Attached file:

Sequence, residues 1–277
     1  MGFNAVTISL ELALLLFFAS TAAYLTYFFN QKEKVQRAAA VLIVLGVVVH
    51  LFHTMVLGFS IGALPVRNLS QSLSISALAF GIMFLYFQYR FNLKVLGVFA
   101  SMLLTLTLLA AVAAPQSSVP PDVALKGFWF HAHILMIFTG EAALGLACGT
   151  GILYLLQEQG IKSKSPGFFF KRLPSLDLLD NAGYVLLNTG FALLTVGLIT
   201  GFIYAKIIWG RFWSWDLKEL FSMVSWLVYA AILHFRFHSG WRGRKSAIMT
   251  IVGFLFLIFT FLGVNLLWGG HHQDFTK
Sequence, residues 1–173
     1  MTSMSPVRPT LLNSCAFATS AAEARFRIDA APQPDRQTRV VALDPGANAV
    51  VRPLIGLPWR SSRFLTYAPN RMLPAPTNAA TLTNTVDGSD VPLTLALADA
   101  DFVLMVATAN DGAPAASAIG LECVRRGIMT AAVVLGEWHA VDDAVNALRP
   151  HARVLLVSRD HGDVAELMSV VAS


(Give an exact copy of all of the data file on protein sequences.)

Sequence, residues 1–277
     1  MGFNAVTISL ELALLLFFAS TAAYLTYFFN QKEKVQRAAA VLIVLGVVVH
    51  LFHTMVLGFS IGALPVRNLS QSLSISALAF GIMFLYFQYR FNLKVLGVFA
   101  SMLLTLTLLA AVAAPQSSVP PDVALKGFWF HAHILMIFTG EAALGLACGT
   151  GILYLLQEQG IKSKSPGFFF KRLPSLDLLD NAGYVLLNTG FALLTVGLIT
   201  GFIYAKIIWG RFWSWDLKEL FSMVSWLVYA AILHFRFHSG WRGRKSAIMT
   251  IVGFLFLIFT FLGVNLLWGG HHQDFTK
Sequence, residues 1–173
     1  MTSMSPVRPT LLNSCAFATS AAEARFRIDA APQPDRQTRV VALDPGANAV
    51  VRPLIGLPWR SSRFLTYAPN RMLPAPTNAA TLTNTVDGSD VPLTLALADA
   101  DFVLMVATAN DGAPAASAIG LECVRRGIMT AAVVLGEWHA VDDAVNALRP
   151  HARVLLVSRD HGDVAELMSV VAS